In Lapland Finland, under the eternal midnight sun, two ardent lovers will reunite once again after a long period apart, governed by a powerful and eloquent circular motif that is woven by destiny, faith and love.
Angel, an exterminator recently released from a mental hospital, comes to rid a small Spanish town of tiny grubs in the soil. The local wine-making industry has found these pests ... See full summary »
Jota is about to commit suicide. As he fighting against himself, trying to jump off a bridge, a girl riding a motorcycle falls off the bridge. He runs to help her, and goes with her to the ... See full summary »
Otto and Ana are kids when they meet each other. Their names are palindromes. They meet by chance, people are related by chance. A story of circular lives, with circular names, and a circular place (Círculo polar) where the day never ends in the midnight sun. There are things that never end, and Love is one of them. Written by
It's really difficult to understand European cinema after watching thousands of American-Big Studio films.
At least that's what looks clearly apparent when I read many of the comments in imdb. But for some of us, who are in contact with a different way of making films, this one excels at the visual poetry from the very start.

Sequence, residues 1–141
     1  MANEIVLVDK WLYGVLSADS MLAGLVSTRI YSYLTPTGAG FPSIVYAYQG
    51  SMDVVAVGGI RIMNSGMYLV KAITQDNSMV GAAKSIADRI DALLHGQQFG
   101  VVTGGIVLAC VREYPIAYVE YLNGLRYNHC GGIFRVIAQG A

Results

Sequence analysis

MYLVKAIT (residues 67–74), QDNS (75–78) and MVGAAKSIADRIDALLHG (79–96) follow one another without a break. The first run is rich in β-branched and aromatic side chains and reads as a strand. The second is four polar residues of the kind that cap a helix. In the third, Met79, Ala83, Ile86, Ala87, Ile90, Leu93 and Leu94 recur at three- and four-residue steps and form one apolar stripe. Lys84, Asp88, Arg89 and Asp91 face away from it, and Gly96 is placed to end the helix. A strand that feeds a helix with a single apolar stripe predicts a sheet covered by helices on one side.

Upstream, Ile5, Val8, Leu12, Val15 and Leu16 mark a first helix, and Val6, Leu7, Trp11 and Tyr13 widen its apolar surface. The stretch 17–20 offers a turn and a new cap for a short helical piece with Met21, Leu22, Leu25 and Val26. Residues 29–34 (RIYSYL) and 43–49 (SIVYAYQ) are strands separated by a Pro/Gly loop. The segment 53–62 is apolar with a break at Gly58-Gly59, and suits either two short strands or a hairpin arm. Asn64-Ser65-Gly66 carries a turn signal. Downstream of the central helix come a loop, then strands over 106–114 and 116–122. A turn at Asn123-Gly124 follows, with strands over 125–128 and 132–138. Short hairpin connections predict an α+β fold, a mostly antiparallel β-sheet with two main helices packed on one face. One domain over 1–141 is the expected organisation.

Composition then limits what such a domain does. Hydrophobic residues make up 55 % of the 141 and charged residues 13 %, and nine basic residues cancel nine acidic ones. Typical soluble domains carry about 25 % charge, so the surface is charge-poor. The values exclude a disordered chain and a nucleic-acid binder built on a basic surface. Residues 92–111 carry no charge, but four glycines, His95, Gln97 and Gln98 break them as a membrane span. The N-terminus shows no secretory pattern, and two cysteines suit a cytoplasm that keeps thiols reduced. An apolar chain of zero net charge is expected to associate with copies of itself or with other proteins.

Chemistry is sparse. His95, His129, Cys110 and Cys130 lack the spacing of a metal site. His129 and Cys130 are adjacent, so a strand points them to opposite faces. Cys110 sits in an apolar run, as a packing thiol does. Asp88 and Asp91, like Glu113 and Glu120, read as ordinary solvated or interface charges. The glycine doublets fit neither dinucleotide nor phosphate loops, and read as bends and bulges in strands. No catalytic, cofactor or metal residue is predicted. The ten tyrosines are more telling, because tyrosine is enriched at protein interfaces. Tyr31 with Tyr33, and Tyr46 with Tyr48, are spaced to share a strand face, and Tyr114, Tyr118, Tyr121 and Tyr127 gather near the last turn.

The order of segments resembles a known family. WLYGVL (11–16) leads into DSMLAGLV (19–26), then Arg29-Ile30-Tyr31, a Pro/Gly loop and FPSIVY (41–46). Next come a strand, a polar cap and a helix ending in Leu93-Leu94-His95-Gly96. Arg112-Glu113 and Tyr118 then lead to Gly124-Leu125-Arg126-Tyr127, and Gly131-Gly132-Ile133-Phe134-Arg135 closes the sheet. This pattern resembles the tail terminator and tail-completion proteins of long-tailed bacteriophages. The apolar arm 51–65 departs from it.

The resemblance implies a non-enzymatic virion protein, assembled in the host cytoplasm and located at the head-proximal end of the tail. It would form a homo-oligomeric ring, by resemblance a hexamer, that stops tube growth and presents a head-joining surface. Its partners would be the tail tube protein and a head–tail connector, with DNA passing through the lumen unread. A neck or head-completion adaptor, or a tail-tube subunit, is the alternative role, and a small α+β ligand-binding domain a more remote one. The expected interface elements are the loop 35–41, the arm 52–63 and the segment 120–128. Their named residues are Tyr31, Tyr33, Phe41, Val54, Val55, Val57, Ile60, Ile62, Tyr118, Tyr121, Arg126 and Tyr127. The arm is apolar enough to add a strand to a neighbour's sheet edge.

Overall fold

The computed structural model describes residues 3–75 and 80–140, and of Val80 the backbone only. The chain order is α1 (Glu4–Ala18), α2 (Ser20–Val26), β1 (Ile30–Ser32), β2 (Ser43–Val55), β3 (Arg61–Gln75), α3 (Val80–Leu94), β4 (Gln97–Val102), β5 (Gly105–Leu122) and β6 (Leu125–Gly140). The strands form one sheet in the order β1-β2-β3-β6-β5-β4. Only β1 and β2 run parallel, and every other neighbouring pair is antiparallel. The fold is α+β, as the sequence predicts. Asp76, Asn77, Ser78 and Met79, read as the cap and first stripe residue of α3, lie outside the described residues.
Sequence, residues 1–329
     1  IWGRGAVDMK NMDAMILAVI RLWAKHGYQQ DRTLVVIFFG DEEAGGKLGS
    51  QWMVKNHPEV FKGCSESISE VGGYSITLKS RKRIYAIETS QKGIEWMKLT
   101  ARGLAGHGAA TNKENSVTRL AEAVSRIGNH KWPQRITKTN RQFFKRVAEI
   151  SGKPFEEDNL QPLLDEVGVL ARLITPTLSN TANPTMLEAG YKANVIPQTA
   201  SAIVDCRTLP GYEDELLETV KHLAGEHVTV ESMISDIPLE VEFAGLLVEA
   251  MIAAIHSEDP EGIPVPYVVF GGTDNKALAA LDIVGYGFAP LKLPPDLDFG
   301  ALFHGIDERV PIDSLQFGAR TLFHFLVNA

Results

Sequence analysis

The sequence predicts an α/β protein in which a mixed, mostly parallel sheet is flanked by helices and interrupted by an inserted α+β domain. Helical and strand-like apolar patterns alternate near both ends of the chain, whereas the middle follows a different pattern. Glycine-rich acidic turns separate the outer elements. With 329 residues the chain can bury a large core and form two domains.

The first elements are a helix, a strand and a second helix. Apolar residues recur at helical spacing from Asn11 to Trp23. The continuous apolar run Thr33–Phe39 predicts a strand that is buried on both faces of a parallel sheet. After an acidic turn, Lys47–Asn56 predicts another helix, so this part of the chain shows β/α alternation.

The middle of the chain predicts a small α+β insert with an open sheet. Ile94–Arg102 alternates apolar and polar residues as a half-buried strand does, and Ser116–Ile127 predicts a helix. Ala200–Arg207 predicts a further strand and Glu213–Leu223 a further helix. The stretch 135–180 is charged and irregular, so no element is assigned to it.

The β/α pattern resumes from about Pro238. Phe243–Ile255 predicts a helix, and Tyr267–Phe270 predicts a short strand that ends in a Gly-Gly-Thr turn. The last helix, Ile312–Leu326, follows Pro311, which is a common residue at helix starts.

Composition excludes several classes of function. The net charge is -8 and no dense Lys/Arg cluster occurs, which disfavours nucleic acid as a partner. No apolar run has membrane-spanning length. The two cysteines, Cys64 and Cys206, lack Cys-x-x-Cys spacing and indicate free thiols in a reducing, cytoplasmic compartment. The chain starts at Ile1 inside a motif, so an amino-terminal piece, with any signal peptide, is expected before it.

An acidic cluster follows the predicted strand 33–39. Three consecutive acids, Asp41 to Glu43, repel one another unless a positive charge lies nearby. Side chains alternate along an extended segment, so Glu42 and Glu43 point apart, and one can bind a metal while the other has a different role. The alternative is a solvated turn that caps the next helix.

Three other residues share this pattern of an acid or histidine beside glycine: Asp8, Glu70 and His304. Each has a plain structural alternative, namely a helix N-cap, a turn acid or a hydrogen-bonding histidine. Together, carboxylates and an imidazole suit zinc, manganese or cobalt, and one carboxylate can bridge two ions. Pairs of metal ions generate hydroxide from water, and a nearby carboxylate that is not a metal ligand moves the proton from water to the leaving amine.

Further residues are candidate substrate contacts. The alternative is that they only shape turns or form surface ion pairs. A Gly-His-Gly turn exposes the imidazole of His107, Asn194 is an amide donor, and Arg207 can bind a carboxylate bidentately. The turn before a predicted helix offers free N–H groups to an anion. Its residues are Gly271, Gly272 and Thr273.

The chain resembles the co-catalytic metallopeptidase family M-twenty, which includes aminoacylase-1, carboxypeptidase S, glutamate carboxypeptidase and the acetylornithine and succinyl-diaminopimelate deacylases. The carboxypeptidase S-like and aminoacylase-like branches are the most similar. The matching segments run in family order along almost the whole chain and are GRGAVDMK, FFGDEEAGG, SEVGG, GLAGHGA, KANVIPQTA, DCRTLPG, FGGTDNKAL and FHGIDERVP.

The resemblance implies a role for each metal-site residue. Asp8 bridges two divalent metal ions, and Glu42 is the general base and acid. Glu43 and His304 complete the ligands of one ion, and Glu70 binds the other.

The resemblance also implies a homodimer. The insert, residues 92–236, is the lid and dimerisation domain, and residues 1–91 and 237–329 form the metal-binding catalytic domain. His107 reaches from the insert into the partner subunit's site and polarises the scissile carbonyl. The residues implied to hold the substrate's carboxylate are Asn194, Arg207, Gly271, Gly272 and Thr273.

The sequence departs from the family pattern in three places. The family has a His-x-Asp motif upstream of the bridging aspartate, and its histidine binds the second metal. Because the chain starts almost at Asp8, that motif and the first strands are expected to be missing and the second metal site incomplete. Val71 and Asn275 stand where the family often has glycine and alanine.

And from a cinematographer's point of view, as a real jewel in filmmaking. What Los Amantes is about, is love, and only that. The way this story is portrayed is quite original, in a way some directors have tried and done pretty good jobs (Alejandro González Iñárritu, for instance, in his two films: Amores Perros and 21 Grams). It's a compelling way to explain simple things in reverse. Thoughts, and internal processes are not directly understood or apparent to the viewer. Medem demands his audience to think (remember Abre los Ojos).
It's really sad to think that linear and flat plots that only demand to sit and watch are what most people see as good films. When something catches them out of balance, sometimes they refuse to stay tuned and think.
The revelation, as is with this film, comes at the very end. And it deserves a second session to go through the small details -which are plenty in Medem's work.
It's a long film... some argue. What is a long film when everything is like a whirlpool that draws you in? I don't think this is a long film. Me and many of my friends have pored through it many, many times. So many, in fact, that we had to throw away the original video. A pity, because it was in it's original widescreen version, not as the recently issued dvd that's been murderously cropped.
Whatever it is what you like to see, take a look at this film. It can open a lot of possibilities to widen your taste, and your approach to "long" films.
55 of 64 people found this review helpful.
Was this review helpful to you?